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The best thing to do when your CV is ignored

If you're pushing on a door and that door really won't open, sometimes there's only one alternative: you need to push another door instead. This is what I've learned about my finance career in 2016.

I'm a credit trader. Since leaving university, I've spent my time making markets in bonds. In my trading last role, I was a director in sales trading, working across a range of products. Then I lost my job. And now? Now, I work in risk.

This isn't something I'd intended to happen. I knew being out of the market would be hard, but I still thought I'd be able to move into another trading role within six months. I was fussy. I had offers to move into broking but I turned them all down; they were commission-only and broking seemed a risky option with volumes so low. Besides, I was a trader.

Initially, I was unwilling to compromise. I hung on, applying for trading jobs. I sent out CVs. I heard nothing. I sent out more CVs; still nothing. I began to feel that the market was against me - this was before the EU referendum and hiring managers were holding their breath. It became obvious that finding a job was going to be a lot harder than I'd expected.

And so, I did what you should all do when no one wants what you have to offer: I capitulated. I stopped trying to be a trader and I started trying to be a risk manager.

Suddenly, doors opened.

The fact is, there are far more opportunities now for risk managers than there are for traders. Risk is a growing area; trading is not. The job security is better in risk and the opportunities for career progression are more numerous. I'm not even paid badly - salaries in risk are high, although the bonuses here are startlingly poor.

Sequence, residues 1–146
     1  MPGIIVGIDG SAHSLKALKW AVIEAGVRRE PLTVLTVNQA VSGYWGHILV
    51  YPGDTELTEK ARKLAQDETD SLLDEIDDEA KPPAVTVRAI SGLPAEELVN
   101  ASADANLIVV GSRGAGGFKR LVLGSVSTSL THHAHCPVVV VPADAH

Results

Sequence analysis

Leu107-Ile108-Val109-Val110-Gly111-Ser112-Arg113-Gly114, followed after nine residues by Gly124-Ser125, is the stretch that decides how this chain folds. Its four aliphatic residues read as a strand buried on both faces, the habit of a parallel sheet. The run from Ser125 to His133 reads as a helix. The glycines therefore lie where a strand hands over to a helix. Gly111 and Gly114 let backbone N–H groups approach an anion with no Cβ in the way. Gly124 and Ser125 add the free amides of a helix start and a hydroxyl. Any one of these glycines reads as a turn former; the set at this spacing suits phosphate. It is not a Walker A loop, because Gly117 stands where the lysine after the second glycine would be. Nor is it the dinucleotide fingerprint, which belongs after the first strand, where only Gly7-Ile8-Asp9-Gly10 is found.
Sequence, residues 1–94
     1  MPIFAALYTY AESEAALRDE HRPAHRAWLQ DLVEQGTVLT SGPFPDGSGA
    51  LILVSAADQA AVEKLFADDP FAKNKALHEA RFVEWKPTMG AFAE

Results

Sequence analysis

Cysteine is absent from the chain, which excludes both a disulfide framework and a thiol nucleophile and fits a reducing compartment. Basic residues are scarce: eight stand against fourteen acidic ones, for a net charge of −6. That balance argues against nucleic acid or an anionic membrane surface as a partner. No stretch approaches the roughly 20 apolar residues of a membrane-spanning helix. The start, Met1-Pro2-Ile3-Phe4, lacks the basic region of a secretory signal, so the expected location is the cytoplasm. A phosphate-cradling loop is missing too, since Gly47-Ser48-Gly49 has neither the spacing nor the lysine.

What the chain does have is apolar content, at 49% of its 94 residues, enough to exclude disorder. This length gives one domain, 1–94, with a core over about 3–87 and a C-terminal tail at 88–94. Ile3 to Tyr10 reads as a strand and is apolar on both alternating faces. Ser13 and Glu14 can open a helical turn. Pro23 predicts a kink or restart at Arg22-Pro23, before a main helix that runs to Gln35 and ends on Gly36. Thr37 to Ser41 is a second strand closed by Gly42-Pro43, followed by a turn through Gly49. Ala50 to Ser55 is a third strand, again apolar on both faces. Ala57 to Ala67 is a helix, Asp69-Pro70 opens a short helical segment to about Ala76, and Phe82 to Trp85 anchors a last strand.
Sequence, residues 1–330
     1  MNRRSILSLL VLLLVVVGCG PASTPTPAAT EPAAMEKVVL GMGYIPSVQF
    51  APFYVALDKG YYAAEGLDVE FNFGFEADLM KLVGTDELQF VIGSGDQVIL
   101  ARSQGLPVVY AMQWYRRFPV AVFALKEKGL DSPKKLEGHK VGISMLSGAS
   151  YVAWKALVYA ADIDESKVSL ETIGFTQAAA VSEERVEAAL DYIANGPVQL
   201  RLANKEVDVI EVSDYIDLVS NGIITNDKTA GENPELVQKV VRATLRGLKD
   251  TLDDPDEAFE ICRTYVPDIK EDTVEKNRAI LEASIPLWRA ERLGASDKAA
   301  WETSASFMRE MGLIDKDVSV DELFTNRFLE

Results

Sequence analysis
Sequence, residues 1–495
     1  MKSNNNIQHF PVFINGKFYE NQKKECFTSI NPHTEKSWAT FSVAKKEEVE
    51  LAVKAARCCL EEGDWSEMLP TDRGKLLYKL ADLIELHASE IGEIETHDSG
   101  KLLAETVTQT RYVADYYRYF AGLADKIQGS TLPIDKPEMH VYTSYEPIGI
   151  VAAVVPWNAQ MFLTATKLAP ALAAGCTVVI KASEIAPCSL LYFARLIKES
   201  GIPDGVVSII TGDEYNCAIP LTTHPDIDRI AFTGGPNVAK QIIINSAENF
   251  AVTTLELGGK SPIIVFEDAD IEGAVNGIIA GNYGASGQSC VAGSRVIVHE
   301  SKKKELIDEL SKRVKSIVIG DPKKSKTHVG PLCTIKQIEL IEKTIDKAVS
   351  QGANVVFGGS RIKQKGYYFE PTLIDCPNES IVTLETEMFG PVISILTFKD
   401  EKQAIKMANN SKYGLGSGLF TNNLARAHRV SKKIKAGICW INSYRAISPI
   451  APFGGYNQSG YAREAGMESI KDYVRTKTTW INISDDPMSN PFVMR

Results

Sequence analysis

Working in risk isn't perfect (I'm a trader goddammit), but it is work. Risk doesn't seem my natural home, although I am starting to think I could maybe make a career here. My front office colleagues - who know my background, treat me with more respect than other members of our risk team, so I do at least have some advantages. Yes, I'm frustrated - I miss the interaction on the trading floor and I'm not a decision maker any more, which is hard to get used to. Banks are hierarchical places and suddenly I'm a few rungs lower down. It's weird seeing people do my old job. I feel like a footballer who's stuck in the stands, watching.

Even so, at least I'm near the pitch. I could be sitting at home, sending out CVs, wondering when and if someone will respond. If your CV is ignored, the best thing you can do is to take a long hard look at reality. Don't blame recruiters for failing to respond; don't blame the market for not wanting your skills - repackage your experience into something the market will want. Go with it, you never know where it will take you.

Arturo Martinez is the pseudonym of a senior fixed income trading in London who's currently (maybe permanently) working in risk


AUTHORArturo Martinez Insider Comment